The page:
A group of Marilla citizens plans to sue the state Department of Environmental Conservation in the approval of a farmer’s plans to store waste from a digester plant owned by Quasar Energy.
Attorney Richard Stanton intends file the suit in State Supreme Court, alleging the DEC failed to perform a full assessment review and only did a negative declaration on the permit application filed last December by Stanley Travis of Trav-Co Farms, officials said.
The development was announced during a meeting of the Town Board Tuesday evening.
Town Supervisor Earl Gingerich Jr. asked Town Attorney Joel Kurtzhalts about the possibility of the town joining the lawsuit. Kurtzhalts was asked to report back to the board.
Town officials said they knew nothing about Travis’ permit application until informed by residents who saw it in a local newspaper in 2012.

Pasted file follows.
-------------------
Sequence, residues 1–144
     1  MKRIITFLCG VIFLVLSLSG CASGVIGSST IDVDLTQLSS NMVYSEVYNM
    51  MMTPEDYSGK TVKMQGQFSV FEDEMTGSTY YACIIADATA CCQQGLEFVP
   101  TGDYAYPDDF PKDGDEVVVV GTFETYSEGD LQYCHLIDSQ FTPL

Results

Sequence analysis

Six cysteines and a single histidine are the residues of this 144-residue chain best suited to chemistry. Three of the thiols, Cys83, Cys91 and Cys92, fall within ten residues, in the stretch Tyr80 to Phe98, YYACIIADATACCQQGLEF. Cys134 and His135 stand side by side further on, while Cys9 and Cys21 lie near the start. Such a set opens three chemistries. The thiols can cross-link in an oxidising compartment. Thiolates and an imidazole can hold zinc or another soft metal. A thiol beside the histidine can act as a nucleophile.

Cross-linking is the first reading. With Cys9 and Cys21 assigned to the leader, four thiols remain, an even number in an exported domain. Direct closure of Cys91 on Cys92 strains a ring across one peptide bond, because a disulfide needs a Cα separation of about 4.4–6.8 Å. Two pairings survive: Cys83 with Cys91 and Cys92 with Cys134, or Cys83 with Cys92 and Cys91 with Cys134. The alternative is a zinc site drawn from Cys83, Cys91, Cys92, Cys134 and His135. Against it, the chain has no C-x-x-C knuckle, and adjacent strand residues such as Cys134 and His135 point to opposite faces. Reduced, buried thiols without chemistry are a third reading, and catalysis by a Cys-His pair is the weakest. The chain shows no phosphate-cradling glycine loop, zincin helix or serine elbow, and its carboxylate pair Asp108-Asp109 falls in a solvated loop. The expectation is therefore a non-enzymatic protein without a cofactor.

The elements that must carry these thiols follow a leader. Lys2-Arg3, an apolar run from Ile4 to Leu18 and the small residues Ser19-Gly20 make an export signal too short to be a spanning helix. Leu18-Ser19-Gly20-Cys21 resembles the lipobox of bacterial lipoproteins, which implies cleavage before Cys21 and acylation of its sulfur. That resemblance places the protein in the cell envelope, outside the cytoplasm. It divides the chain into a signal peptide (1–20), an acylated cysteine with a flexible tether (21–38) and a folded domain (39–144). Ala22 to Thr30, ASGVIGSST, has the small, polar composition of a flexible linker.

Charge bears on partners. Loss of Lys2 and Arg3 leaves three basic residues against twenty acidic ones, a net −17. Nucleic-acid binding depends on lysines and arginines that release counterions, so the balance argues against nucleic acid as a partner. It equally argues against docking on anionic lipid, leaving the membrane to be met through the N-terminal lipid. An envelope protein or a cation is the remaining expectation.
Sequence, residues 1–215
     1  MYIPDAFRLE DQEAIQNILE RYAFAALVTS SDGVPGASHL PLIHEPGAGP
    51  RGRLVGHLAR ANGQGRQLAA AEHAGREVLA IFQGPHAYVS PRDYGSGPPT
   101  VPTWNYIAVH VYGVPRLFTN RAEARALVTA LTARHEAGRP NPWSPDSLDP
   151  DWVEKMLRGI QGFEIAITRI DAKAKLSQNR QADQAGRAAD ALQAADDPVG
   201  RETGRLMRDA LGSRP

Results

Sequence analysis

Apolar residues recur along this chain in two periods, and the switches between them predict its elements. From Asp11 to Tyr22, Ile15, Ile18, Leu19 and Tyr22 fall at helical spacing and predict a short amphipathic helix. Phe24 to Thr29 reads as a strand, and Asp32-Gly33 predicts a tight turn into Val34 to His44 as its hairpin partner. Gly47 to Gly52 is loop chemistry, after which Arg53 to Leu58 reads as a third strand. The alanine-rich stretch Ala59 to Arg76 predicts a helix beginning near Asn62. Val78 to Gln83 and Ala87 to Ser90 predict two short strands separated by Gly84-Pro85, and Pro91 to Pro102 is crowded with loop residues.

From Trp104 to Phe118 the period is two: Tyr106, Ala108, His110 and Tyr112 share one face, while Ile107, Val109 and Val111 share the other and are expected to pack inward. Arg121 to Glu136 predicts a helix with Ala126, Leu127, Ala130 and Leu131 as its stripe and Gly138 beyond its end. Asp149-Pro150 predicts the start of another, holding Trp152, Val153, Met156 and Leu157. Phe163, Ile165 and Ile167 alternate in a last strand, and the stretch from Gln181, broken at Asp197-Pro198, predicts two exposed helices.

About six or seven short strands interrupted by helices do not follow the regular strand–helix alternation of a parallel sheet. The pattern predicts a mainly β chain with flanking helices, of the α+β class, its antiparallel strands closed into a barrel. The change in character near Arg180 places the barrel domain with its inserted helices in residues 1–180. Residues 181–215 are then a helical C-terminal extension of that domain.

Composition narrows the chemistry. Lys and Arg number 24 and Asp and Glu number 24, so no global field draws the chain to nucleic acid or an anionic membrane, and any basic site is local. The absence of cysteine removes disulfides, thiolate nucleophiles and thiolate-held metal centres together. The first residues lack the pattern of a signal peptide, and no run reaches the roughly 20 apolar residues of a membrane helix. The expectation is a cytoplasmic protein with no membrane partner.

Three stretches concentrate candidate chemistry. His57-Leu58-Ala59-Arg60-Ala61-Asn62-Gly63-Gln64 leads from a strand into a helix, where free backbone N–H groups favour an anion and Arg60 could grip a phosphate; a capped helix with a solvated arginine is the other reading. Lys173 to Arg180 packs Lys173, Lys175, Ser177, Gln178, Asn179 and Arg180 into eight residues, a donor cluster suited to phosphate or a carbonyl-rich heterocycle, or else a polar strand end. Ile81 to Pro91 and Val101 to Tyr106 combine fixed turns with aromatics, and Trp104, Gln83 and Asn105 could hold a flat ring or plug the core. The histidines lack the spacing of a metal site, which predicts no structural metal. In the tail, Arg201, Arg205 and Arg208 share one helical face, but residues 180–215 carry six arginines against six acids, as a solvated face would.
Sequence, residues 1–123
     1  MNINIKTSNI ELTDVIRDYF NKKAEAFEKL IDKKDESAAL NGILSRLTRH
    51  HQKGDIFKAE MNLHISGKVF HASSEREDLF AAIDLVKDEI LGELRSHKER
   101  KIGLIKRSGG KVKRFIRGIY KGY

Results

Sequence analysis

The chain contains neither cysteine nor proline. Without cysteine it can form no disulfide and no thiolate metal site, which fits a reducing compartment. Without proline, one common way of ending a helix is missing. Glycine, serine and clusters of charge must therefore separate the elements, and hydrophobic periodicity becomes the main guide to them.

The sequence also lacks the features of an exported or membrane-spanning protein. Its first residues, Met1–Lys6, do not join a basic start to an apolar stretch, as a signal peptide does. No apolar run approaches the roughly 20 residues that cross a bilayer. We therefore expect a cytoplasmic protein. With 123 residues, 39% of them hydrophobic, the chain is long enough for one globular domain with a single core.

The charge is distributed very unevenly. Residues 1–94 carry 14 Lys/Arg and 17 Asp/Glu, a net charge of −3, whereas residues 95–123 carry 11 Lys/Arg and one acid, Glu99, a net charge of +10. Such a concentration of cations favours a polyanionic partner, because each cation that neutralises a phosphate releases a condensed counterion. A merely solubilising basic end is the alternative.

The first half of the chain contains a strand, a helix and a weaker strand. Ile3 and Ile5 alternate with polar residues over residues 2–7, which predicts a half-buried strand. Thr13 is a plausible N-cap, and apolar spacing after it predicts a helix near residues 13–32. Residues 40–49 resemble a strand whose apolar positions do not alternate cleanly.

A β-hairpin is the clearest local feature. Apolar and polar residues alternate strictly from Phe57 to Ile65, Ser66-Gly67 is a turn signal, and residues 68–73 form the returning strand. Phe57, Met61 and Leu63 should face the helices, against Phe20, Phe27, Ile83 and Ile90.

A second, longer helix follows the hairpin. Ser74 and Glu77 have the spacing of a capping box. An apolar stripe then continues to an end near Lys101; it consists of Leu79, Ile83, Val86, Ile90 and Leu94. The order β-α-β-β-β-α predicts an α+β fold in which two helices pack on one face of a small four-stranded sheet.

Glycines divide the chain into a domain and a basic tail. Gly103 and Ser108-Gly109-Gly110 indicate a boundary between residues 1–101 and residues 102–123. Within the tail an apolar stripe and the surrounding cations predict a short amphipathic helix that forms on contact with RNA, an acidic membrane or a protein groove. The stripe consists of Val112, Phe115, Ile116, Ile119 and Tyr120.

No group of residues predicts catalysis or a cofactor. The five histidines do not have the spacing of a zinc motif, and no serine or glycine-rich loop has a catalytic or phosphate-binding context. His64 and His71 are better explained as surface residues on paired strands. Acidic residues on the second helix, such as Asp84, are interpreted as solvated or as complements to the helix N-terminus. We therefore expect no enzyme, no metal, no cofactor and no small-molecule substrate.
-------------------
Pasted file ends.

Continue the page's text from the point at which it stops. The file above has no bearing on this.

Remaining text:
Kurtzhalts said one month has lapsed since the DEC issued the permit to Travis, allowing for storage in a cement tank on the 27-acre farm owned by Stanley Travis on Eastwood Road. The state allows four months to wage legal challenges of its decisions.
The board will conduct a public hearing tonight on extending a six-month moratorium another six months on storage of sludge, originally approved last November. Currently, town law bans the storage of sludge as a commercial operation. Eastwood Road residents who rely on well water are worried about potential seepage into the ground water. Quasar Energy has defended the safety of its sludge, which it calls “equate.” The material is regulated by state and federal environmental agencies.
Gingerich also noted the DEC has told town officials they need to get rid of an underground fuel storage tank at the town recycling facility on Eastwood Road and install an above-ground tank. The supervisor noted the tank has been pumped out and another tank is being used.